Tutankhamun, The Golden King and the Great Pharaohs made its North American debut in 2009. It is now appearing in The Denver Art Museum from June 2010 to January 9, 2011. The exhibit features more than fifty objects from King Tut’s tomb. Two of the exceptional objects on display are the golden sandals that adorned the feet of King Tut, and a beautiful adorned canopic jar that held King Tut’s internal organs. A ten-foot statue of King Tut is the largest image ever unearthed. It was found at the remains of a funerary temple. There are also eighty ancient artifacts. These highlight many of the most significant rulers of ancient Egypt.
You can enhance your visit by taking an audio tour narrated by Harrison Ford. You will hear fascinating details about the objects in the exhibit. You will also hear the story of the discovery of the tomb in 1992. Another story you will hear is how 21st century technology helped identify the mummy of Hatshepsut, the queen who became king.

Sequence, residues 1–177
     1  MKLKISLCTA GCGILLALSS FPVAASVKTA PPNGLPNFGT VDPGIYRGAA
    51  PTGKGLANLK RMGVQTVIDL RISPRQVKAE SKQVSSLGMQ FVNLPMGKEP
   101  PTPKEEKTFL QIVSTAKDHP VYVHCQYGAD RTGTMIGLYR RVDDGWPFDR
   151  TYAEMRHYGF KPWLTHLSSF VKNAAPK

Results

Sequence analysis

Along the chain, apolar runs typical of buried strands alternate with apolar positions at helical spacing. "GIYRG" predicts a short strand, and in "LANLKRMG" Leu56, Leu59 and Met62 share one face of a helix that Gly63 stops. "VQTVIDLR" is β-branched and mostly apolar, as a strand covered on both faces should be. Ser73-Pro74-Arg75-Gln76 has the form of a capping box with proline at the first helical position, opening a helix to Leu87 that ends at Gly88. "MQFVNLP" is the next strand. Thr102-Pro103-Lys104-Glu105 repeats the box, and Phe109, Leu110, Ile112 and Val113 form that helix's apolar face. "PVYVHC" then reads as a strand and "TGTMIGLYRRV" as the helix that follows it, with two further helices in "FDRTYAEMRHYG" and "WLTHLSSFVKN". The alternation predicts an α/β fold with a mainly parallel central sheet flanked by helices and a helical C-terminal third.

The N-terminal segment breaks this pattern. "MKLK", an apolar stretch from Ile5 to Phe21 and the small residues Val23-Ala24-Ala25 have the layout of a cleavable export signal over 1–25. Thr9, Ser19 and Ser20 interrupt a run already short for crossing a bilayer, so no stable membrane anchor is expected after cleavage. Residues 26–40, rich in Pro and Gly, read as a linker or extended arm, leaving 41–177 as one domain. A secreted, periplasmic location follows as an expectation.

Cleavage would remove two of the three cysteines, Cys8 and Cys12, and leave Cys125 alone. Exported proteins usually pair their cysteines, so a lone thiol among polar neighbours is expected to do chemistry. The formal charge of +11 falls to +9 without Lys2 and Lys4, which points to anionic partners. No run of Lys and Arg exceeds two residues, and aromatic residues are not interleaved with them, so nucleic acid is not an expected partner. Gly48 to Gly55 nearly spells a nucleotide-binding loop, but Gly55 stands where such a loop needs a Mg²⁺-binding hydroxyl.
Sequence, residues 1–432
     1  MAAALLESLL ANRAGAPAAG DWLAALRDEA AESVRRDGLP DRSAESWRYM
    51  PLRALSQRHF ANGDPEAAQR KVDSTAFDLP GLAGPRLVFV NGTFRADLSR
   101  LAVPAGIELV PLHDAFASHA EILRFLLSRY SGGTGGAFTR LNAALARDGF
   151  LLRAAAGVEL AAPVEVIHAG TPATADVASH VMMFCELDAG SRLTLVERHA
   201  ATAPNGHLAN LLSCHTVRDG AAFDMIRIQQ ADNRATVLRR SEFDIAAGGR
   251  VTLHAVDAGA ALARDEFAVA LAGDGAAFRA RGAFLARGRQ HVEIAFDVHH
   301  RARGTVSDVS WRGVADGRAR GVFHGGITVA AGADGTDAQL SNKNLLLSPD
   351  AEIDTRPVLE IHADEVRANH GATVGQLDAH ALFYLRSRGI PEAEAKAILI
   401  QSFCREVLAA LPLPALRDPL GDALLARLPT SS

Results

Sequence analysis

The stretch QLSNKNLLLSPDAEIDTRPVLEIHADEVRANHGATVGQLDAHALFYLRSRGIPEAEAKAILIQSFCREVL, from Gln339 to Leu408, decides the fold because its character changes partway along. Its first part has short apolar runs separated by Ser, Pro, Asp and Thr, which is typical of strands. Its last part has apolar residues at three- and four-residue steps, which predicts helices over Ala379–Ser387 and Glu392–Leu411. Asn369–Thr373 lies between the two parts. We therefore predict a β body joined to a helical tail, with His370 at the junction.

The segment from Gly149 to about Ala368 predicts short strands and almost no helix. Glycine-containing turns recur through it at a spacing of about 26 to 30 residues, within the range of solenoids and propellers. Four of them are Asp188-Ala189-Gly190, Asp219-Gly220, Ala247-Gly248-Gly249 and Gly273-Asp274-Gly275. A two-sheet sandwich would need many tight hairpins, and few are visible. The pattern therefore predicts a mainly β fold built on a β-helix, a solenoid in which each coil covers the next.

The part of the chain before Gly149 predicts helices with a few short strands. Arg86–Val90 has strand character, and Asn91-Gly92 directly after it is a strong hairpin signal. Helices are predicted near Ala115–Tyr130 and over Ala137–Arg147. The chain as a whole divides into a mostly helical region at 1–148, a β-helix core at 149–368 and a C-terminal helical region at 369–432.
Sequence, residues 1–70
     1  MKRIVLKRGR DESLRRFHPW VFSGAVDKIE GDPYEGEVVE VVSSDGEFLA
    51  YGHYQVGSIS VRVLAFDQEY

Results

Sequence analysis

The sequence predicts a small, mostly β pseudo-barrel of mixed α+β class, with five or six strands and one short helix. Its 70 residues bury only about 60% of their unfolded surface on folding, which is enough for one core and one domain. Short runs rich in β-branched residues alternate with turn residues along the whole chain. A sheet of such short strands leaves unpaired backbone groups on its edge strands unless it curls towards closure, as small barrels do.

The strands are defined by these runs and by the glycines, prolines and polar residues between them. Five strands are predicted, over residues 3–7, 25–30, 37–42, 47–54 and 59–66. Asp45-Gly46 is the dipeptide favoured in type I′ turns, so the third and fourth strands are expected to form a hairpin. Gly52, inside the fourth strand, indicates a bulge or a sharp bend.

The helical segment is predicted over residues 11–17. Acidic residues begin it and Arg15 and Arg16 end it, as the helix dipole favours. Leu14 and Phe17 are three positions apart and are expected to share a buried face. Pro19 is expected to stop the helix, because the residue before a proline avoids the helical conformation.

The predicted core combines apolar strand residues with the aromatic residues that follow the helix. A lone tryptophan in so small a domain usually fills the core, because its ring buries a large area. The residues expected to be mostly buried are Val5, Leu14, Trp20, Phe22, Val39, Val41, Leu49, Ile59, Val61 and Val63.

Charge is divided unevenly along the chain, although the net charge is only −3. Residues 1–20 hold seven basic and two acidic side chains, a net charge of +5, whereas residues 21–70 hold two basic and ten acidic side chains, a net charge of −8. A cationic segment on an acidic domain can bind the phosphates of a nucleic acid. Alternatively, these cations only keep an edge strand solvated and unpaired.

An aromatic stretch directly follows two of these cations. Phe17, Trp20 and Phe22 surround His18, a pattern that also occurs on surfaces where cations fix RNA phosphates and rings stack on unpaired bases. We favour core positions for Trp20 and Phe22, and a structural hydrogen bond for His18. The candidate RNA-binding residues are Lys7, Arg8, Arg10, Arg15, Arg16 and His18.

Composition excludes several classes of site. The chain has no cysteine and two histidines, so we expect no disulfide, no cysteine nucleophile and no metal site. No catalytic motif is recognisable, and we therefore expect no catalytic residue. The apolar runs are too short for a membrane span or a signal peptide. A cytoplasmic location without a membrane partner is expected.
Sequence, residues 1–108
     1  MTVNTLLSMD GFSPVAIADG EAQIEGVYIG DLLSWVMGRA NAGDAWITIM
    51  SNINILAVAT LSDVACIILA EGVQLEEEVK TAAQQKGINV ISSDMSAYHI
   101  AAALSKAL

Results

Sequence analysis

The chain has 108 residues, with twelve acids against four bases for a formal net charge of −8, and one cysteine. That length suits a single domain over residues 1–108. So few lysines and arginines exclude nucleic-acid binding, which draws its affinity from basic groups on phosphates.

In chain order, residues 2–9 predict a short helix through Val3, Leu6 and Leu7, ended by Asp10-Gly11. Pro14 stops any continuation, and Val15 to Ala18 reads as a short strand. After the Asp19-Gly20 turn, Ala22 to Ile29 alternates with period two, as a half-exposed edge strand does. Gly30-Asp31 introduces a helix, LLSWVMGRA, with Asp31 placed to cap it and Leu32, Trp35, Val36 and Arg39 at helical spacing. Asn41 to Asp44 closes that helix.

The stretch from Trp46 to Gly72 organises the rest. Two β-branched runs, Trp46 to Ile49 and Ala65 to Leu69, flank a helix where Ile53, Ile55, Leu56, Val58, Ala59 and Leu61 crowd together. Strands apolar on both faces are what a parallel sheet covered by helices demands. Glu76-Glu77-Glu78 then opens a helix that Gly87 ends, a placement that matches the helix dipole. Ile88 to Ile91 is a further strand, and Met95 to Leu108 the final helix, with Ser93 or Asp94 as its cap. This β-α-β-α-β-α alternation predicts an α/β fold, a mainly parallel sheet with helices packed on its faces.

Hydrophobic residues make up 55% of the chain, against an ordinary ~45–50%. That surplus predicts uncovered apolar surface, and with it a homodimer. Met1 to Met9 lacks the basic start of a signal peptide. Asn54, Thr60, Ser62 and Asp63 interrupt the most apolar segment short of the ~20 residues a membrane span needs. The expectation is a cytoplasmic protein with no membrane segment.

Tutankhamun, also known as King Tut, was one of the last kings of Egypt’s 18th Dynasty. He was born around 1343 B.C. but very little is known of his life. He became a pharaoh at the age of nine or ten. Around the age of twelve, he married his half sister. They had no living children but two mummified fetuses of two stillborn children were found in his tomb. DNA testing is being done to see if these stillborn children were related to King Tut. He died under mysterious circumstances during his ninth reign in 1323 B.C. They did a CT-scan as part of a five-year Egyptian and conversation project.
In the exhibit, you can see some of those CT-scans and the conclusions that were drawn about his life and death. He was buried in the Valley of the Kings where he laid undisturbed for some 3300 years. His mummified remains still lie in a stone sarcophagus in his burial chamber. They have never traveled outside Egypt.
The exhibit is displayed in two parts. The first part features artifacts that pertain to the great pharaohs of Egypt who reigned before and after King Tut. These artifacts explore the daily life and religion of Egypt. The second part features artifacts that were found in King Tut’s tomb. The average visit takes about ninety minutes.